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Jazz Fest 2017: performance picks for Sunday, May 7 

click to enlarge Kings of Leon | 3:35 p.m., Acura Stage

Kings of Leon | 3:35 p.m., Acura Stage

11:20 a.m.-12:20 p.m.
New Orleans Classic R&B Revue

Gentilly Stage
This revue features some enduring icons of New Orleans's golden era of R&B. In 1956, when Chicago's Chess Records ushered Clarence "Frogman" Henry into Cosimo Matassa's studio to record what would become his smash debut, "Ain't Got No Home" — highlighted by his voice ranging from falsetto to the frog ribbits that inspired his nickname. Al "Carnival Time" Johnson is forever linked to his Carnival anthem, which he recorded in 1960 at Matassa's studio. Robert Parker joins them, and his performance is likely to include his infectious "Barefootin'" and that big-selling single's B-side, "Let's Go Baby (Where the Action Is)." The Bobby Cure Band rounds out the bill.

12:05 p.m.-12:50 p.m.
Jonathan "Boogie" Long

Blues Tent
At 28 years old, Baton Rouge-born Jonathan "Boogie" Long is a blues legend in the making. Long picked up the guitar at age 6 and left home at age 14 to tour in local legend Henry Turner Jr.'s band. He's since shared the stage with everyone from B.B. King to Warren Haynes, and the Allman Brothers/Gov't Mule guitar-shredder is clearly a big influence on him. Long has powerhouse vocals and draws sinister licks and wails from his custom Gibson ES355 guitar. A Jazz Fest favorite since his 2013 debut, Long arrives with his Blues Revolution trio (featuring bassist Chris Roberts and drummer Jay Carnegie) on the heels of signing a national distribution deal with Louisiana Red Hot Records for his self-titled debut album and 2016's Trying to Get There. His original songs, such as "Call the Preacher," pack all the old-school blues power of his deft cover choices, such as Robert Johnson's "32 20 Blues."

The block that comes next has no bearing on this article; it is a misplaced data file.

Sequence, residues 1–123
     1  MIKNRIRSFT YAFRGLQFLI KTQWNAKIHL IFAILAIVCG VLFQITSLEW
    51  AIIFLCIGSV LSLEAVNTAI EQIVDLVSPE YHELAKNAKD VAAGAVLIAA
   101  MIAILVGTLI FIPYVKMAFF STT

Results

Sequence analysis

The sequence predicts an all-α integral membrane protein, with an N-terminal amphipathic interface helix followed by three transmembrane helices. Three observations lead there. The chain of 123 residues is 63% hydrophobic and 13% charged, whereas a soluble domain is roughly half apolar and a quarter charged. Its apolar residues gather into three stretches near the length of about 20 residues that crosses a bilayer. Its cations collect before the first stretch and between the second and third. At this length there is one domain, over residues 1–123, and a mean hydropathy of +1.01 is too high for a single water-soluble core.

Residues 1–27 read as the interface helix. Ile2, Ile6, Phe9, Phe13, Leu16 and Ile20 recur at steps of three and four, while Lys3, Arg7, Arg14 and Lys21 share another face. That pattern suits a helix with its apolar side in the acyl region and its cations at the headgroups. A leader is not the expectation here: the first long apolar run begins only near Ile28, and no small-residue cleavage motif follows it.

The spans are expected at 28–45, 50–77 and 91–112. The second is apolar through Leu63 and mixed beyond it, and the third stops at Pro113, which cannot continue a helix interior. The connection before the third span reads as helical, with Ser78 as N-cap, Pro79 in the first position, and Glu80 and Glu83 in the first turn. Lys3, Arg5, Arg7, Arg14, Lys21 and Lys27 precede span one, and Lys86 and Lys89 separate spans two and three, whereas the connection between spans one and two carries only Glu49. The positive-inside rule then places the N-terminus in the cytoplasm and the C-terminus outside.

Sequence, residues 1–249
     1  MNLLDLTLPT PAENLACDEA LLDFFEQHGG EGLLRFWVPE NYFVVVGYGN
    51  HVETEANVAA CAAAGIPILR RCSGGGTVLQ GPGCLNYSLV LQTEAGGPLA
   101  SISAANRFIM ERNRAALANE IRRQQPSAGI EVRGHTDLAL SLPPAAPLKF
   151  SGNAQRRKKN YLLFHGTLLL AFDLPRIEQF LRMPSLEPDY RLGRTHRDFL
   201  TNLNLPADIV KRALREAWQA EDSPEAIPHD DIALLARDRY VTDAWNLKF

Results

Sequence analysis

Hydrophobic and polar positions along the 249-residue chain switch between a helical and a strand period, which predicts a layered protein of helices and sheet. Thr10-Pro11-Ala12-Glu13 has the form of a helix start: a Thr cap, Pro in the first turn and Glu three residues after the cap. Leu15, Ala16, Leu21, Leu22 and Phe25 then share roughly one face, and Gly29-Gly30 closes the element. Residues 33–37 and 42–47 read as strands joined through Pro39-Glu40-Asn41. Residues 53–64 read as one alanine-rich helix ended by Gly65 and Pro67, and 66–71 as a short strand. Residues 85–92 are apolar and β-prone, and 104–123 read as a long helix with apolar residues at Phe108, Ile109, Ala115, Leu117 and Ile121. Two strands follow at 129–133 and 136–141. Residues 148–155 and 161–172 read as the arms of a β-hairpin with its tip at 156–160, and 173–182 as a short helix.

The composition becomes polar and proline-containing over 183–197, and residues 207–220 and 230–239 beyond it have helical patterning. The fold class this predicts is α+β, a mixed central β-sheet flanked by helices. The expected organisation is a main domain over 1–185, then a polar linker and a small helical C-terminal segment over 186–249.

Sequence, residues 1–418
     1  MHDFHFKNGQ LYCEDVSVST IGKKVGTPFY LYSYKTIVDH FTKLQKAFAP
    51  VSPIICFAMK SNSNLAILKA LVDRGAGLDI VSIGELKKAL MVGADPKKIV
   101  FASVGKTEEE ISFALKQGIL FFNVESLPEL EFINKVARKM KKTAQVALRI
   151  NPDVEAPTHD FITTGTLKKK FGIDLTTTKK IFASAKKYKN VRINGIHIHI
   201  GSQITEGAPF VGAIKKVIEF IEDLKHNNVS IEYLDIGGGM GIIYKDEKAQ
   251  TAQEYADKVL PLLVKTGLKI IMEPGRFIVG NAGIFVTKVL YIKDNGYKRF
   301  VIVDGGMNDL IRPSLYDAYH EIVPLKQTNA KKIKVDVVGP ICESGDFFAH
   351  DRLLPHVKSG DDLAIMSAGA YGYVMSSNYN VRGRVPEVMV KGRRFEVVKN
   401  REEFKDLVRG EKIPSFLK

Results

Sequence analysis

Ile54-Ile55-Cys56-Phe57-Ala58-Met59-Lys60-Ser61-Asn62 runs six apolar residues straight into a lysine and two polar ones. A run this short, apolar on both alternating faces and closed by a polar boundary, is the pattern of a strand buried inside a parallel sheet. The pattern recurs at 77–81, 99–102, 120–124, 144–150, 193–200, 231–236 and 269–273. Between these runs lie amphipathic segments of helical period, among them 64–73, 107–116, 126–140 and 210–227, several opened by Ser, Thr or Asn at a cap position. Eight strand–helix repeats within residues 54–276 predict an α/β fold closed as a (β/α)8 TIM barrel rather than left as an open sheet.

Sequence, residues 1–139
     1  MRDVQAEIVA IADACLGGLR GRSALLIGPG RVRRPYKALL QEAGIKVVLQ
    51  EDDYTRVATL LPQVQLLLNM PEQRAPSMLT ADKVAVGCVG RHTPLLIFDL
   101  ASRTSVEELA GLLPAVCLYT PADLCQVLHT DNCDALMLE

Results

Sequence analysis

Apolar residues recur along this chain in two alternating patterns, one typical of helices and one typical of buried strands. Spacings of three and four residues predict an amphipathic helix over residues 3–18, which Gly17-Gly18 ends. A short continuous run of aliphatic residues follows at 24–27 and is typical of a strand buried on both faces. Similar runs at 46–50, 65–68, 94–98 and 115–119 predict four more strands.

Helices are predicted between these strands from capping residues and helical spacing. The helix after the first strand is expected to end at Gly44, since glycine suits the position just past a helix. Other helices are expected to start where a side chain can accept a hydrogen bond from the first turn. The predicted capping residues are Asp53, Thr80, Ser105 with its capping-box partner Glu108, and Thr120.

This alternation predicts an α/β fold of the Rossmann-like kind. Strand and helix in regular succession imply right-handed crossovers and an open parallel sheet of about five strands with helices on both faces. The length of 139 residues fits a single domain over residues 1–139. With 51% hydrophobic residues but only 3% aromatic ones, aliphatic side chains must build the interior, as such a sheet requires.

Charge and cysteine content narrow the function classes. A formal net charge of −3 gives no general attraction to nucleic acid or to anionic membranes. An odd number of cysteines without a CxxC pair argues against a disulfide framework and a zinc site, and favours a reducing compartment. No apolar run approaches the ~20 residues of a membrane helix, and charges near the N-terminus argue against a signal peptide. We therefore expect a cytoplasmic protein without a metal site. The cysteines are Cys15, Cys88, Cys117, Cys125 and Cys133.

12:50 p.m.-1:55 p.m.
Luke Winslow-King

Lagniappe Stage
The 34-year-old Luke Winslow-King is known for his intricate guitar play (on electric and acoustic slide), smooth vocal delivery and compelling lyricism. The Michigan native cut his first record in his adopted hometown of New Orleans in 2008 (Old/New Baby, mostly cut live at Preservation Hall) but his breakout arrived in 2013 with The Coming Tide, his first for Bloodshot Records, which helped him reach national audiences. Winslow-King's fifth album, last year's I'm Glad Trouble Don't Last Always, continues his upward trajectory.

2:20 p.m.-3:20 p.m.
Adonis y Osain del Monte

Blues Tent
Virtuosic drumming, rhythmic patterns that swoop into unexpected twists and turns and extreme riffs on rumba and Cuban pop all play into the crew of dancers and musicians Adonis Panter Calderon formed as Adonis y Osain del Monte in 2013. An expert in his country's rich cultural history, Calderon's credits include assistant directing the recent documentary, The Black Roots of Salsa: The Emancipation of Cuban Rumba and leading the group Yoruba Andabo, which focuses on the early Cuban interpretation of the West African music slaves brought to Havana 500 years ago. The group recently performed for the Rolling Stones at a private concert.
Also performing at: 4:30 p.m.-5:30 p.m. Cultural Pavilion Stage

2:20 p.m.-3:35 p.m.
Sarah Quintana & the Miss River Band

Lagniappe Stage
New Orleans native Sarah Quintana is an accomplished visual artist and yogi who cut her teeth musically in Frenchmen Street nightclubs with The Moonshiners before venturing into a solo career focusing on her jazzy brand of folk music. Inspired by the wonders she finds in the physical and spiritual world around her, Quintana's praised second album, 2015's Miss River, found her along South Louisiana bayous using fishing poles and hydro-mics to record with noted producer Mark Bingham. Her exploration of water as kinetic sound produced tracks such as "New Life" and "In the Devil's Country," which showcase Quintana's delicate acoustic guitar and angelic upper-octave vocals along with Rex Gregory's haunting saxophone and bass clarinet. Last year, Quintana and Keith Porteous cut an album of religious music, Sound Refuge.

2:40 p.m.-3:40 p.m.
Jamison Ross
Zatarain's / WWOZ Jazz Tent